Here are some sample sketches that illustrate different ways to use the 512 kilobytes of RAM on the QuadRAM Shield,
- RAM Test
This sketch shows how to test the QuadRAM shield. It demonstrates how to use the bank control and high memory masking to access the full 512 kilobytes of external RAM.
- Simple Code
This sketch demonstrates the simplest way to access the external RAM, with no bank control, to access ~56 kilobytes of external RAM. The sketch computes a 16384-point complex FFT of a test sinusoid.
- Dynamic Memory Allocation
This library is a port of Andy Brown's xmem library to the QuadRAM shield. It allows you to use the dynamic memory allocation functions (e.g.,malloc, free) to allocate memory from the 512 kilobytes available on the QuadRAM shield.
Download: xmem library Version 1.2
Enabling the External Memory Interface
Most of the pins used for accessing external RAM are automatically taken care of by the microcontroller. In order to enable the memory interface, the SRE bit in the XMCRA (External Memory Control Register A) has to be set: XMCRA = _BV(SRE);
The external RAM on the QuadRAM is fast enough to support zero-wait-state operation so all other bits in the XMCRA register can be set to 0.
Enabling the External RAM Device
The actual RAM device itself has to be enabled by setting PD7 (Arduino digital pin D38) low: pinMode(38, OUTPUT); digitalWrite(38, LOW);
If this pin is set to HIGH then the expansion header pins can be used for other purposes and external RAM will be disabled.
When external RAM is enabled, pins PA0-PA7 (digital pins D22 through D29), PC0-PC7 (digital pins D30 through D37), PG0-PG2 (digital pins D39 through D41), PL5-PL7 (digital pins D44 through D42) and PD7 (digital pin D38) are reserved for the external memory interface.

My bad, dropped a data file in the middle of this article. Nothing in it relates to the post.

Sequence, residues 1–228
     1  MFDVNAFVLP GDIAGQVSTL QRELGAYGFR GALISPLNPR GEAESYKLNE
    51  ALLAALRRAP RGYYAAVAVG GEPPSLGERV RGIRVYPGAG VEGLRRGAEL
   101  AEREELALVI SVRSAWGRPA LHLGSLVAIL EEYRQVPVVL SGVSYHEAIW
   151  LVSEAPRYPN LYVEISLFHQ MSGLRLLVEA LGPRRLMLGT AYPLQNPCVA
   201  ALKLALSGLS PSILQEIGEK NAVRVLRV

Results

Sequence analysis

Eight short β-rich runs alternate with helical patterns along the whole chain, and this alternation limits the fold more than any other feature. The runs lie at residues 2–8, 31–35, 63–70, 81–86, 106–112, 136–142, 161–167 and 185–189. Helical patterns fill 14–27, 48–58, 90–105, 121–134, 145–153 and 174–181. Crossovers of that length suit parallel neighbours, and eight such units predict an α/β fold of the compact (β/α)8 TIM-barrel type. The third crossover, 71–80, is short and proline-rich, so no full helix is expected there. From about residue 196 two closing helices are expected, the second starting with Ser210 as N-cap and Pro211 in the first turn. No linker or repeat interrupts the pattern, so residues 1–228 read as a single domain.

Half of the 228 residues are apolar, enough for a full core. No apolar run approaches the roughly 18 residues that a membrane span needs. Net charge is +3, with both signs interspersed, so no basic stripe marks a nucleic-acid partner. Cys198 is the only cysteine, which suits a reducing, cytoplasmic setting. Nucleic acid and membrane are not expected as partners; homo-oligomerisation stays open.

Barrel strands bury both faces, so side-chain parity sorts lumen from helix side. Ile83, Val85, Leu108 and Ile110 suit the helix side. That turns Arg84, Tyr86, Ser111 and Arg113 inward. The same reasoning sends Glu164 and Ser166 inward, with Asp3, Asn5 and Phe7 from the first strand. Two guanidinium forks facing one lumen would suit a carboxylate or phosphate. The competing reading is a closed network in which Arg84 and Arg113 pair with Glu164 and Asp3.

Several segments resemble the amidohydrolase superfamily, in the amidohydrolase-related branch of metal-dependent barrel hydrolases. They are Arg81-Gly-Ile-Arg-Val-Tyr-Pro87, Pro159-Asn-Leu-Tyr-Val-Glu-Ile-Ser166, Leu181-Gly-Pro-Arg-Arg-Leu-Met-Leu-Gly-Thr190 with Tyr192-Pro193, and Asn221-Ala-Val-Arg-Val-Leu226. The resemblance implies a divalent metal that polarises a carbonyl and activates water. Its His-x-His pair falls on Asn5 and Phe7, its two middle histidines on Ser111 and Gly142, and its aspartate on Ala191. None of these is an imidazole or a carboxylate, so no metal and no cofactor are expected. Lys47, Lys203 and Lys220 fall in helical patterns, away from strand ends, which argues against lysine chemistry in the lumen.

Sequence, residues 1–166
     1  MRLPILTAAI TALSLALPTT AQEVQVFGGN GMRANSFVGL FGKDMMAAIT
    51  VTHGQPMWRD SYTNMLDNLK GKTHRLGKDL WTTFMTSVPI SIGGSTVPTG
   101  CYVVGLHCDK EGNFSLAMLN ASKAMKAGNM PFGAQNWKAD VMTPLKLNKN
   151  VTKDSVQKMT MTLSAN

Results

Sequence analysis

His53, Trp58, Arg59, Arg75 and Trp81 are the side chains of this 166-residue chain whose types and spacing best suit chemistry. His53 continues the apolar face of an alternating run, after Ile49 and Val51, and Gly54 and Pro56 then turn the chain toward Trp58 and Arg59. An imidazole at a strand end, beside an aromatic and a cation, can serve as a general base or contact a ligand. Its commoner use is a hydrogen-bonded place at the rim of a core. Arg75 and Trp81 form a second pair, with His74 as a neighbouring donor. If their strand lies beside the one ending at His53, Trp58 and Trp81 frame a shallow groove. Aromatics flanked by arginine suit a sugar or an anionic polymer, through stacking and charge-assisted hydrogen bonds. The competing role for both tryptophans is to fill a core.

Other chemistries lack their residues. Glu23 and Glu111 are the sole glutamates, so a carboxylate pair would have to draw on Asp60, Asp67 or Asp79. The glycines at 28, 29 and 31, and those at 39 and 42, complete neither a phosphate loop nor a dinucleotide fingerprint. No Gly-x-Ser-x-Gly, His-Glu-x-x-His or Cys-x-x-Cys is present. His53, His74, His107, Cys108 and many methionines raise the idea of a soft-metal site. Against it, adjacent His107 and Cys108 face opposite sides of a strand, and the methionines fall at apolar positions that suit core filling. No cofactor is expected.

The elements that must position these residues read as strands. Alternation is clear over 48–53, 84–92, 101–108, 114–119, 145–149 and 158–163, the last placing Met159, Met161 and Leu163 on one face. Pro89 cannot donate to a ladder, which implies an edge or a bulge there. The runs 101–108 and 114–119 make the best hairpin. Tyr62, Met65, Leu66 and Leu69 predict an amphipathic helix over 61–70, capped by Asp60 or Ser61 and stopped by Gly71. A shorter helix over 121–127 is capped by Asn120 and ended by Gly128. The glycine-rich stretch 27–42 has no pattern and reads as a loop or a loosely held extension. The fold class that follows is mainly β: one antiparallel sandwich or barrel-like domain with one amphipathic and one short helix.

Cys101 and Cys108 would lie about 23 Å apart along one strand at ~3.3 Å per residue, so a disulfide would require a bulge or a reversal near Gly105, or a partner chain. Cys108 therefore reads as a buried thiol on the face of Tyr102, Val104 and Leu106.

Pins PL5 through PL7 (digital pins D44 through D42) are used to select between eight 64 kilobyte RAM banks, which together form the 512 kilobyte external RAM. The usage of these pins is described below in the RAM Access Options section below.
Unused pins from the expansion connector are brought out to pads on 0.1" centers for easy interfacing. The picture below shows which pins are brought out and their positions on the QuadRAM shield.
RAM Access Options
The QuadRAM shield provides 512 kilobytes of external RAM, but the ATmega 1280/2560 address bus is only 16 bits wide, meaning the microcontroller can only access 64 kilobytes of RAM at a time. Furthermore, part of the 64 kilobyte address space is used by the ATmega 1280/2560 processor for internal registers and the 8 kilobytes of internal RAM. In this section we look at the details of how to work with these limitations of the microcontroller.
Simplest Approach-- 56 kilobytes
The simplest approach to using the QuadRAM is to do nothing. Here is the memory map of the ATmega 1280/2560 processor showing the locations of the internal registers, internal RAM, and external RAM (the memory map is figure 8-2 from the Atmel ATmega1280/2560 data sheet).